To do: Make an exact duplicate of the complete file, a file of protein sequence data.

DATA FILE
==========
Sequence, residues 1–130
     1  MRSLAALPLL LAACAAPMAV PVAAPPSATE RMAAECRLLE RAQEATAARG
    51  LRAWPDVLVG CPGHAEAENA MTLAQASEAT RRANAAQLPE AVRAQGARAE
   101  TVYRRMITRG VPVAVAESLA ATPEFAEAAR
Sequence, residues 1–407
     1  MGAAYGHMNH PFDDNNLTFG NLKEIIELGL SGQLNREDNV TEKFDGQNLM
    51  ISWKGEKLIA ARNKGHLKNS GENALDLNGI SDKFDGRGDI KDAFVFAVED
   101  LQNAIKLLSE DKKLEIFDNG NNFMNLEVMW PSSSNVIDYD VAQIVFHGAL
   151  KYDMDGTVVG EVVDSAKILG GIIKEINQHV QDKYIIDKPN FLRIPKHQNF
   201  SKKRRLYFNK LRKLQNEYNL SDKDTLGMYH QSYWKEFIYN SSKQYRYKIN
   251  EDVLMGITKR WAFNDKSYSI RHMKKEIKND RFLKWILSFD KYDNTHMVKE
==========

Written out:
Sequence, residues 1–130
     1  MRSLAALPLL LAACAAPMAV PVAAPPSATE RMAAECRLLE RAQEATAARG
    51  LRAWPDVLVG CPGHAEAENA MTLAQASEAT RRANAAQLPE AVRAQGARAE
   101  TVYRRMITRG VPVAVAESLA ATPEFAEAAR
Sequence, residues 1–407
     1  MGAAYGHMNH PFDDNNLTFG NLKEIIELGL SGQLNREDNV TEKFDGQNLM
    51  ISWKGEKLIA ARNKGHLKNS GENALDLNGI SDKFDGRGDI KDAFVFAVED
   101  LQNAIKLLSE DKKLEIFDNG NNFMNLEVMW PSSSNVIDYD VAQIVFHGAL
   151  KYDMDGTVVG EVVDSAKILG GIIKEINQHV QDKYIIDKPN FLRIPKHQNF
   201  SKKRRLYFNK LRKLQNEYNL SDKDTLGMYH QSYWKEFIYN SSKQYRYKIN
   251  EDVLMGITKR WAFNDKSYSI RHMKKEIKND RFLKWILSFD KYDNTHMVKE